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  • Laser shaping: a method for controlling the elastic behaviour of stretch fabrics for a targeted and graduated compressive effect on the body.

Paine, Helen, 2016, Thesis, Laser shaping: a method for controlling the elastic behaviour of stretch fabrics for a targeted and graduated compressive effect on the body. PhD thesis, Royal College of Art.

Abstract or Description:

This research was commissioned and funded by The Welding Institute (TWI). The Welding Institute are a global research and development facility specialising in the joining of materials for industrial applications. The purpose of this research was to develop capability in textiles joining, particularly ultrasonic and laser welding technologies, which is relatively new to TWI.

The appointed researcher adopted a ‘multi-strategy’ (Cresswell 2009) approach to the research; encompassing methods that were both familiar and unfamiliar to those usually adopted by TWI employees and researchers, whom mostly come from engineering and scientific backgrounds. The research was primarily undertaken with the adoption of a ‘craft-design’ approach that uses material investigation to explore and uncover interesting leads for investigation, which was the familiar approach of the researcher coming from a background in textile design. Material studies were carried out inquisitively without the formation of a particular hypothesis and insights were discussed with industry to identify potential commercial and functional application opportunities. Following the identification of an interest in welding stretchy fabrics Speedo agreed to become the main industry partner for the research, providing materials, access to testing equipment and validation of commercial opportunities for material samples relative to their application.

The main hypothesis for the research Laser melted patterns can be used to control the elastic behaviour of stretchy textiles to have a targeted and variable compressive effect on the body developed through discussion with Speedo in response to material samples produced using transmission laser welding equipment. A predominant scientific approach was adopted during the second phase of the research to quantify and control this effect: to demonstrate repeatability and test it both on fabric and the body. Methods that were unfamiliar to the researcher prior to this research such as mechanical testing and microscopic analysis were employed. Selection of either a ‘craft design’ or ‘scientific’ approach was made pragmatically in response to the research as it developed. Through a retrospective analysis of applied methods throughout the research trajectory it has been possible to define this particular ‘multi-strategy’ project as a ‘sequential exploratory’ design (Cresswell 2009), whereby periods of subjective investigation are followed by empirical testing.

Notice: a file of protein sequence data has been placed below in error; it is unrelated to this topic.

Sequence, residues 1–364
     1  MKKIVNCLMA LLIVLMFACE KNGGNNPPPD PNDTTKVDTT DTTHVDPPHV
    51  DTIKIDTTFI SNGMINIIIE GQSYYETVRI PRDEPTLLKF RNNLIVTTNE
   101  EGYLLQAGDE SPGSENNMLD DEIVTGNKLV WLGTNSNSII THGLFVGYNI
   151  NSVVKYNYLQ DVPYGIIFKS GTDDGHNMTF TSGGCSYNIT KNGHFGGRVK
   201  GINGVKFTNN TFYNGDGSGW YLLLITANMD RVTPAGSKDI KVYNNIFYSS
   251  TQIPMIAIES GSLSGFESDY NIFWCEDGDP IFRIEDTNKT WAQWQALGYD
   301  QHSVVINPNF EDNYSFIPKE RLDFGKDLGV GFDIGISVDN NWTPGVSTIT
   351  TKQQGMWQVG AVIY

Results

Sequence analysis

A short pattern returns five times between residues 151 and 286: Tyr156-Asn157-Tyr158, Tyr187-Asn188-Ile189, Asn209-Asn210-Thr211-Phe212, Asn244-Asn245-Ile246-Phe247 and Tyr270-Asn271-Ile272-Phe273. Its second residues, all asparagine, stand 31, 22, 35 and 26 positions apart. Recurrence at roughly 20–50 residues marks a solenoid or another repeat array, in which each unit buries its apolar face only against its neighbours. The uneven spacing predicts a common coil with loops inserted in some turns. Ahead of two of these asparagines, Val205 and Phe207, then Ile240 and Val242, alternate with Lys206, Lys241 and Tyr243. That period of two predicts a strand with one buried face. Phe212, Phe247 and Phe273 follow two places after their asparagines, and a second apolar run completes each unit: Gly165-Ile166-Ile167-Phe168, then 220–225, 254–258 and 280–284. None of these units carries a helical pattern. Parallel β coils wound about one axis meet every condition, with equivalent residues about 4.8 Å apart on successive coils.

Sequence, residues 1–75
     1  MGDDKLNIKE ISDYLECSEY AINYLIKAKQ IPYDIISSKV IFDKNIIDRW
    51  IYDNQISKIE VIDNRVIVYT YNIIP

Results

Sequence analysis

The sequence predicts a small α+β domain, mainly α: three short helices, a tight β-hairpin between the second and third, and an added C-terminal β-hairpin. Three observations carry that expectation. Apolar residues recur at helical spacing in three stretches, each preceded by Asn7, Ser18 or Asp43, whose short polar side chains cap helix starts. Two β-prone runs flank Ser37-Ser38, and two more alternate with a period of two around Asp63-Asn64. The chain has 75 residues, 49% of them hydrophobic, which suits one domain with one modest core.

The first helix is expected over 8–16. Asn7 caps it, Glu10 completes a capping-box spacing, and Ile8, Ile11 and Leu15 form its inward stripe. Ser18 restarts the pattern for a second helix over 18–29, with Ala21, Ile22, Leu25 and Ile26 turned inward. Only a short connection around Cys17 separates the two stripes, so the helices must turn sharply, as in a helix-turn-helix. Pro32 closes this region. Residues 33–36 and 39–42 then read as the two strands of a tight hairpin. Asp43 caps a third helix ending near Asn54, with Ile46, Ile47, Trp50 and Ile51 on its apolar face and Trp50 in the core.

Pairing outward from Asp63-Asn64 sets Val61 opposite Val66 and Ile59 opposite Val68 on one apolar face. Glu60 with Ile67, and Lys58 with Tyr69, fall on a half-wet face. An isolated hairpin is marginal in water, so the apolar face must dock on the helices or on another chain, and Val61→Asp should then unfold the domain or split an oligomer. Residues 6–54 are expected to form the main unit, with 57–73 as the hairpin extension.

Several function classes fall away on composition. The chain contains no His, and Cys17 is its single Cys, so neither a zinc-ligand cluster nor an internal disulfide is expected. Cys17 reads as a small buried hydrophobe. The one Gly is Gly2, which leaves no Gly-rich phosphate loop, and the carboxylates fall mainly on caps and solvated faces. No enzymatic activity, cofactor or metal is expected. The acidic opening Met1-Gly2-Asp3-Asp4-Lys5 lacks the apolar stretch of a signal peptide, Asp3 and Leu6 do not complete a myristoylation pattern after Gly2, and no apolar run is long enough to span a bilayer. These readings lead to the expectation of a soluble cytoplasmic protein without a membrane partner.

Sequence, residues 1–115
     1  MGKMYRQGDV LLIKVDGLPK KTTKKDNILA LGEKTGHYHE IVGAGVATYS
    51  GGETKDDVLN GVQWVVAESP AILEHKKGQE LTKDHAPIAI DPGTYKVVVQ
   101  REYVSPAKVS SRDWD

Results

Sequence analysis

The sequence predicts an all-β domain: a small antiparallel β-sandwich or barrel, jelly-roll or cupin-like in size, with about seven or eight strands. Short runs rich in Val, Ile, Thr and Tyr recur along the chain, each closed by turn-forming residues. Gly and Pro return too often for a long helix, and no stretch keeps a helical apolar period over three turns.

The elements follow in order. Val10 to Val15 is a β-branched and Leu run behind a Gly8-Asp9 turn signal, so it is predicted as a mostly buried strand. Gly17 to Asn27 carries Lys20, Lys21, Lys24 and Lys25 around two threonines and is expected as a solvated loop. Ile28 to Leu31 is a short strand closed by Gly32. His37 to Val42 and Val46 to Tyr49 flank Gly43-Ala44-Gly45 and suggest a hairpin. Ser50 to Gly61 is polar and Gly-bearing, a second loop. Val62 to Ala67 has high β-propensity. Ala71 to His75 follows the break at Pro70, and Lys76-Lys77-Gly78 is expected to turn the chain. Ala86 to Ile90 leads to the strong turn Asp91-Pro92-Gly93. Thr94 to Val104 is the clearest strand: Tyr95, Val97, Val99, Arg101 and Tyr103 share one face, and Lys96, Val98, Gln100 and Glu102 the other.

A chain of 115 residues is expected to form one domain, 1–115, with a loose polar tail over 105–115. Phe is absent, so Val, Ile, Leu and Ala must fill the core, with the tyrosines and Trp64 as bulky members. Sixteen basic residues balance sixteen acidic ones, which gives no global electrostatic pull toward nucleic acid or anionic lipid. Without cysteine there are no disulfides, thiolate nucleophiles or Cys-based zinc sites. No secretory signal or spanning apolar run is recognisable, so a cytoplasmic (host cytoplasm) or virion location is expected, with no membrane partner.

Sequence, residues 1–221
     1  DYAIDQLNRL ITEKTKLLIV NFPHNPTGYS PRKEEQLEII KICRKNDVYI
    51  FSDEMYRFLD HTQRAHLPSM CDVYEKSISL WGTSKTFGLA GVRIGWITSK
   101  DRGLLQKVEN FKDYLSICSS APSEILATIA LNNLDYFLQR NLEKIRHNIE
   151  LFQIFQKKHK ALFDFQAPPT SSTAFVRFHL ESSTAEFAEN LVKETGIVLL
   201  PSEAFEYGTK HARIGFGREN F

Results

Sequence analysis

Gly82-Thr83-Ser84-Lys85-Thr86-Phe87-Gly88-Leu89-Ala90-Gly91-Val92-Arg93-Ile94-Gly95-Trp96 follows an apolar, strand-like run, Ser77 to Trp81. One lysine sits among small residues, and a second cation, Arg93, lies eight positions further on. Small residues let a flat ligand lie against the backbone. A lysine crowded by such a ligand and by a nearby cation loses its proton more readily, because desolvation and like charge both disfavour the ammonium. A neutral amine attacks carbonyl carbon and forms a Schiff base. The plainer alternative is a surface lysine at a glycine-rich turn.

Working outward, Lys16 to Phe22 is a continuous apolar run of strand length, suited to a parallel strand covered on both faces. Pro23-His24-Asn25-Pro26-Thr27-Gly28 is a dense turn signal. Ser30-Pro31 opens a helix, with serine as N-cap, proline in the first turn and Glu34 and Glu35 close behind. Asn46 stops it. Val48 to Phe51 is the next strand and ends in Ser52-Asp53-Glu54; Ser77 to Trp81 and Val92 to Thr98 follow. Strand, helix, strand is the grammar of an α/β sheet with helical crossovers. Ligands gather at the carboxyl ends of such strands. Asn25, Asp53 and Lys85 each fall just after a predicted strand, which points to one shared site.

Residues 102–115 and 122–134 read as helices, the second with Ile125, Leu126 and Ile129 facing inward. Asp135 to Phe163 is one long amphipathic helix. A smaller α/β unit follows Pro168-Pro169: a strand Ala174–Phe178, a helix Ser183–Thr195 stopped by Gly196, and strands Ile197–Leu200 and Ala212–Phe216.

The main process that has been developed by this research is a decorative method of controlling the elastic behaviour of stretchy fabrics using transmission laser welding equipment for a controlled and variable compressive effect on the body. Compression fabrics are used widely within the medical, lingerie and sportswear fields to apply pressure to the body either for an aesthetic or functional advantage. In swimwear, compression fabrics are applied to streamline the silhouette and minimise drag resistance.

The technique developed by this research makes a contribution to knowledge within the field of laser processing of textiles, specifically within the field of transmission laser welding, and within the field of compression apparel. In the field of transmission laser welding a new functional capability for all-over surface patterns has been demonstrated. In the field of compression apparel a new decorative method for achieving an increasingly variable compressive effect for a smoother transition between different zones of stretch has been achieved.

N.B. All redacted information throughout this thesis is confidential to Speedo.

Qualification Name: PhD
Subjects: Creative Arts and Design > W200 Design studies > W230 Clothing/Fashion Design
Creative Arts and Design > W200 Design studies > W240 Industrial/Product Design
School or Centre: School of Design
Funders: The Welding Institute
Date Deposited: 23 Jun 2016 11:18
Last Modified: 26 Sep 2016 13:30
URI: http://researchonline.rca.ac.uk/id/eprint/1805

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